'This Is Your Brain On Drugs' PSA Brought Back For A New Generation

By McCarton Ackerman 08/10/16

The rebooted campaign features print ads, a 30-second radio spot and 30-second television spot, with voiceover work done by Allison Janney.

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'This Is Your Brain On Drugs' PSA Brought Back For A New Generation
Photo Partnership For Drug Free/YouTube

Thirty years after the Partnership for a Drug-Free America launched its now iconic frying pan-centric “This is your brain on drugs” ad campaign, it’s being revamped for a new generation.

The New York Times reported that the same organization, now known as the Partnership for Drug-Free Kids, is focusing on parents instead of children for Fried Egg 2016. The new TV ad begins with the familiar image of an egg cracking into a sizzling frying pan: "This is your brain. This is your brain on drugs. Any questions?" But instead of ending there, as the original PSA did, a child responds, "Yeah, I have questions." “Why is heroin so addictive?” “Weed’s legal, isn’t it?” “Prescription drugs aren’t as bad as street drugs, right?” And finally: “Mom, Dad, did you ever try drugs?”

The multimedia campaign features print and digital ads, a 30-second radio spot and a 30-second television spot, with voiceover work done by actress Allison Janney of Mom and The West Wing. All of the print space and airtime were donated to the Partnership, saving them well over $1 million in production costs alone.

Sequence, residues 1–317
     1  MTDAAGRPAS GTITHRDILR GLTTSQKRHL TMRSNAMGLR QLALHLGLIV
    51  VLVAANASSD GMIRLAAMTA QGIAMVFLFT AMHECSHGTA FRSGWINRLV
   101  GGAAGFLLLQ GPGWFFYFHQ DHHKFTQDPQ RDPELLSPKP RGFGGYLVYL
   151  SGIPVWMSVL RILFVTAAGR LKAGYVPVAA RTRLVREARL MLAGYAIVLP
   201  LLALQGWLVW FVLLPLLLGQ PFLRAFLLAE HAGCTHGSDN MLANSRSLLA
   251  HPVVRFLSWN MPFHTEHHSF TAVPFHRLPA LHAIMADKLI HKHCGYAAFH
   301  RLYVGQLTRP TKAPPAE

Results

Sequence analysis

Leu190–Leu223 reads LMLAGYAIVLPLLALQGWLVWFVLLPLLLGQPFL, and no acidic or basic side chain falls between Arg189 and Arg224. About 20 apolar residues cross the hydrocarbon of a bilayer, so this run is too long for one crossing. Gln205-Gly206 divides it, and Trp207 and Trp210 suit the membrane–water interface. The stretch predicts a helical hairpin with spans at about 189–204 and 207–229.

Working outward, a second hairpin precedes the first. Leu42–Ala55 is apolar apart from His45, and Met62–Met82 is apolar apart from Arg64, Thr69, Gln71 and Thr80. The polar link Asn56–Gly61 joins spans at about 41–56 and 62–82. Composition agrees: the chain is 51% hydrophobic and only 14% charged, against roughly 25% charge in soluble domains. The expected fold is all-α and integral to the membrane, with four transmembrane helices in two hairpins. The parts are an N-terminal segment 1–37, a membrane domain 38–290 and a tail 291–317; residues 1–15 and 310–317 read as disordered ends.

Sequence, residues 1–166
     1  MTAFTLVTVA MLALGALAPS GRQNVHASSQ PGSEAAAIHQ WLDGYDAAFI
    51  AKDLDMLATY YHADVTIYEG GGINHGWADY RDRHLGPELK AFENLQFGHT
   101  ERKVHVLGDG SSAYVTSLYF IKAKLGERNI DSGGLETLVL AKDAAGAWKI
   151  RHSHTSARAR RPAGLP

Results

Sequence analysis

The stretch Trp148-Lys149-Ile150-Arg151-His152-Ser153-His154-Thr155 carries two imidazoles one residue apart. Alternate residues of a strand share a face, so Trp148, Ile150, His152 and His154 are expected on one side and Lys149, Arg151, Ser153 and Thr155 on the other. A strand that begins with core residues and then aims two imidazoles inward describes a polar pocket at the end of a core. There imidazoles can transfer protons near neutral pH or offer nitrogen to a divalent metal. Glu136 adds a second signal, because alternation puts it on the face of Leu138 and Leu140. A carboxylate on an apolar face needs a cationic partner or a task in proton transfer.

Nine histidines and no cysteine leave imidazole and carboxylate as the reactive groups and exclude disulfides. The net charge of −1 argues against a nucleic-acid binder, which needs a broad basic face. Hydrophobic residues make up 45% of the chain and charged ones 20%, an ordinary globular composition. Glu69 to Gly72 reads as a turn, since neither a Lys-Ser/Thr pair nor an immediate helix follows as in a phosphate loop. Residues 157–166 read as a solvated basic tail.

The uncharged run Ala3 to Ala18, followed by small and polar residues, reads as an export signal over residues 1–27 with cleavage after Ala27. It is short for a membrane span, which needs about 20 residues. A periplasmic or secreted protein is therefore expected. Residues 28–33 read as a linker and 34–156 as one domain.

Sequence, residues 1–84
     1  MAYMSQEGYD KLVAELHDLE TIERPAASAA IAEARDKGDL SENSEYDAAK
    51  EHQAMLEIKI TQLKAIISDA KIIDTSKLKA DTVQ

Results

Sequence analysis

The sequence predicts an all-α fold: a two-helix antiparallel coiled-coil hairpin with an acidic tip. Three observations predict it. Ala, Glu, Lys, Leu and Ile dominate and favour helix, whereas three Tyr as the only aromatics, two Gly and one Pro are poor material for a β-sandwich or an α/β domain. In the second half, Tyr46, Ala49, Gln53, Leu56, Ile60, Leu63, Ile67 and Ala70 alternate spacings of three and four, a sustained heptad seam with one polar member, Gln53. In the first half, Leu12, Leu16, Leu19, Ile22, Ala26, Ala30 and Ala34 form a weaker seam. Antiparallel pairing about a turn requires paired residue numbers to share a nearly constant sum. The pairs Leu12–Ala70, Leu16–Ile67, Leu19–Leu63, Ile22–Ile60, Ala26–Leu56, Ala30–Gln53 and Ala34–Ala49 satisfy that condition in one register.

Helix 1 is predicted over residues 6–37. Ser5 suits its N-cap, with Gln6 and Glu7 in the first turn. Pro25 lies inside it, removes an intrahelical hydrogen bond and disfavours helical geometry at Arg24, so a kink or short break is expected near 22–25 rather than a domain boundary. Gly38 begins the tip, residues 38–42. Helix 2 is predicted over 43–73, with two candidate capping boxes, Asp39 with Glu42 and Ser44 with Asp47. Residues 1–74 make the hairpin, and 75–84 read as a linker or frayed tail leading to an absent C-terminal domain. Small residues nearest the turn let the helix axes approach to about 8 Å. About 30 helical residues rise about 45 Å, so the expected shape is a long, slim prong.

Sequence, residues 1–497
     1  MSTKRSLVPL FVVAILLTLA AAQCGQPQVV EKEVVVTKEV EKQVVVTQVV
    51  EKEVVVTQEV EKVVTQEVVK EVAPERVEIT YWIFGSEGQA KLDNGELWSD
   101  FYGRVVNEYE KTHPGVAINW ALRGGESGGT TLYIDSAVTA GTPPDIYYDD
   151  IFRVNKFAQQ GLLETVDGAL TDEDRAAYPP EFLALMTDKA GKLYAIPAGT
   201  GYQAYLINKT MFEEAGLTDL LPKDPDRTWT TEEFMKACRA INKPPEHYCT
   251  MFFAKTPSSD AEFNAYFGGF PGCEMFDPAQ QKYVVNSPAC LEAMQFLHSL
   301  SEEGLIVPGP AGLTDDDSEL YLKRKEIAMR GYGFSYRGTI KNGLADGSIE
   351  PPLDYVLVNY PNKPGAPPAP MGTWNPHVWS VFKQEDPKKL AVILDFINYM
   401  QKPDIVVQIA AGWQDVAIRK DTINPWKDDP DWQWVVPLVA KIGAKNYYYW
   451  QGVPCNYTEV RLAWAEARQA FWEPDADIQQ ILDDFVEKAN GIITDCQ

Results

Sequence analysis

“Given the complexities that surround substance abuse today … kids today have very specific questions they ask of their parents,” said Kristi Rowe, Chief Marketing Officer for the Partnership for Drug-Free Kids. “These topics are all front and center for teens, so we want to ensure that families have a place to turn to get those answers. We know too, that there are families who are past the question and answer stage, and whose kids are struggling with a substance use disorder.”

The organization is also hoping to benefit from the current nostalgia boom of iconic TV shows and movies being tweaked and re-released. Adam Duhachek, a marketing professor at Indiana University, told the Times that the fried egg motif will immediately resonate with most Americans because “it’s one of the most famous PSA campaigns of all time.”

The Partnership is also hoping that the ad campaign will funnel viewers into some of the other services it offers, including a bilingual toll-free helpline, a system of support for parents known as the Parent Support Network, and additional treatment resources at drugfree.org. Based on the support it has received thus far, the organization is optimistic that the re-launch will meet those goals.

“It becomes clear the positive effect this organization has had on generations of people when you produce work for them,” said Joe Godard, Creative Director at Campbell Ewald, the ad agency that worked on the new campaign. “A simple request and there are production companies, actors and directors, all wanting to be part of the program. It’s an honor to be part of a powerful legacy.”

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McCarton Ackerman is a freelance writer and editor living in Portland, Oregon. He has been a contributor for The Fix since October 2011, writing on a wide range of topics ranging from medical marijuana in Colorado to the world's sexiest drug smugglers. Follow him on Linkedin and Twitter.

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